A judge will decide whether Macon’s Motivating Youth Foundation -- closed last month while its founder, a former NFL player, was under investigation for allegedly spanking a child there -- can reopen after a hearing in Atlanta next month.
Founder Roger Jackson, who played five seasons for the Denver Broncos in the mid-1980s, was jailed briefly May 26, charged with misdemeanor battery in an alleged spanking incident involving an 8-year-old girl enrolled in the after-school program.
The girl allegedly was struck with a belt “multiple times” on her buttocks while she was at the east Macon center on April 22, according to a Bibb County sheriff’s report.
The Atlanta proceeding is scheduled for 9:30 a.m. July 8 in the Office of State Administrative Hearings.
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The state Department of Early Care and Learning, which licenses and monitors child care centers in Georgia, issued an order for emergency closure of the program May 4. The agency issues such orders “when it is determined that the health, safety or welfare of children may be in imminent danger.”
A DECAL investigation found “serious rule violations” related to discipline and required reporting.
“Once the complaint came in, it was a pretty clear-cut case,” Reg Griffin, the agency’s chief communications officer, said Friday. “We don’t take emergency closures lightly.”
Jackson’s attorney, Virgil Adams, said Friday that some parents whose children attended the after-school program had granted permission for their children to be spanked.
The state agency’s rules for child care centers, however, prohibit any corporal or physical punishment of a child. Also, disciplinary actions used to correct a child’s behavior or guidance techniques “shall not be detrimental to the physical or mental health of any child,” the rules state.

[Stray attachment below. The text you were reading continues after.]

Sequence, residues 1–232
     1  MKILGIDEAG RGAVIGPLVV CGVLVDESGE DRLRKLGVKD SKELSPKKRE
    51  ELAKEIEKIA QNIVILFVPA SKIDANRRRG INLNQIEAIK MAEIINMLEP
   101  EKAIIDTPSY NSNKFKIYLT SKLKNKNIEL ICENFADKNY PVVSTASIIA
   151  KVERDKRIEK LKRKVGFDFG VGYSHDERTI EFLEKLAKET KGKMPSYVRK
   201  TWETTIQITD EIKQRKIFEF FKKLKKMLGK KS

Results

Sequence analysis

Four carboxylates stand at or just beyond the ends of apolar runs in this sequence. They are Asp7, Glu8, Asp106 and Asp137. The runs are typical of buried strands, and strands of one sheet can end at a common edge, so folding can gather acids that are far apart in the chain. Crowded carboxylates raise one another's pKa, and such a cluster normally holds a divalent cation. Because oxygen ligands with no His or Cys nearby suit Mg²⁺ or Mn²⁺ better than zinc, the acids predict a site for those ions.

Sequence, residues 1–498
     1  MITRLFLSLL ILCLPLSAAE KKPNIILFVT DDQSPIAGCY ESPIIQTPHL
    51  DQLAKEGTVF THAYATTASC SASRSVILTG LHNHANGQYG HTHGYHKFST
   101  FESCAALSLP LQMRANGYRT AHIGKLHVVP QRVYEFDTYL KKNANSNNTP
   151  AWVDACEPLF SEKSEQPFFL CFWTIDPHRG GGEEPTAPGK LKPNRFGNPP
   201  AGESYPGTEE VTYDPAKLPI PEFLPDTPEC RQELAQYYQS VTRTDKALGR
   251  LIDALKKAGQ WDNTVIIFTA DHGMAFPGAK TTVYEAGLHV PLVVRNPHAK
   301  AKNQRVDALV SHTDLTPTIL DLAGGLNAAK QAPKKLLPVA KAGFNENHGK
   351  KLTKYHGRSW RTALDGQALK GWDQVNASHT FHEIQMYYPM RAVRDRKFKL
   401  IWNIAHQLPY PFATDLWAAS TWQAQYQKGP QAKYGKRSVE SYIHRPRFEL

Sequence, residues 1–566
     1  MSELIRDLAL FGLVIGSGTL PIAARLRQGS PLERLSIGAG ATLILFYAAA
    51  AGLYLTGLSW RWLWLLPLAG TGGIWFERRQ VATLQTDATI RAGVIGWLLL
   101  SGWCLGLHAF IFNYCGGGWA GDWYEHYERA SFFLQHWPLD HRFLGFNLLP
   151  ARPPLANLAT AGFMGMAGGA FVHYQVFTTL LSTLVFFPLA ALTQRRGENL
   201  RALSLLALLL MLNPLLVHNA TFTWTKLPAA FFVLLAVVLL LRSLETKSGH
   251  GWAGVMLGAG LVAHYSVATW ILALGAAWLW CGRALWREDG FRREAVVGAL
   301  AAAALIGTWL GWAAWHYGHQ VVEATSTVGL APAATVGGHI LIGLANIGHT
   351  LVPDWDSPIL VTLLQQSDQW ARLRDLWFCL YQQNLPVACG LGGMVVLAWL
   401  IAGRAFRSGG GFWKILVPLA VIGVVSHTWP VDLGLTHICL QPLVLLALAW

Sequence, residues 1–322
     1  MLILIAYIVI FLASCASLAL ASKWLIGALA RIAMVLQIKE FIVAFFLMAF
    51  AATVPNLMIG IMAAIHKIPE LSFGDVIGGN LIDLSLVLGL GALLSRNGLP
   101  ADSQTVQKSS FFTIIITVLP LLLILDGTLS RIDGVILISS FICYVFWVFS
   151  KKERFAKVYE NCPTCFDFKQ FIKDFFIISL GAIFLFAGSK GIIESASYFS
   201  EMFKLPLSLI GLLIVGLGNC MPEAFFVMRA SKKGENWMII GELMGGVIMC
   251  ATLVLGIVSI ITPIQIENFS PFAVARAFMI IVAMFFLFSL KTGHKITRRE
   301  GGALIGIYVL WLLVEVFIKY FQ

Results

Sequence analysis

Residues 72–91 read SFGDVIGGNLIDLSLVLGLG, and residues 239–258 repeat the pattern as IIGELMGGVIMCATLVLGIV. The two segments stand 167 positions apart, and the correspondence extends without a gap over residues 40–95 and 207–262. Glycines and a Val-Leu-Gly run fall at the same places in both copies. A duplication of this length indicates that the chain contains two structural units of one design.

The center, at 905 Main St., appealed its closure on May 5. An administrative law judge upheld the closure May 8 and the center has remained closed.
During the July hearing, the department will present witnesses, and Jackson’s defense attorney will also be allowed to call witnesses.
“It’s like any other court case,” Griffin said. “The judge will decide based on the evidence presented whether (closure) was the right action for the agency to take.”
Often, the judge rules the same day, but a decision usually comes quickly, Griffin said.
If the closure is upheld, Motivating Youth would have to remain closed for at least a year.
The day of the closure, state workers were at the site talking to parents and handed out letters explaining what had happened.
The department has been working to find other child care sites for parents whose children were attending the center.
More than 100 children attended the center at times.
Jackson, 56, is widely known here for his efforts to help disadvantaged young people.
His attorney on Friday said the after-school program “does a lot of good.”
“We certainly don’t want to see the program disappear,” Adams said. “I think it would do more harm than good for the program not to be there.”
Oby Brown contributed to this report.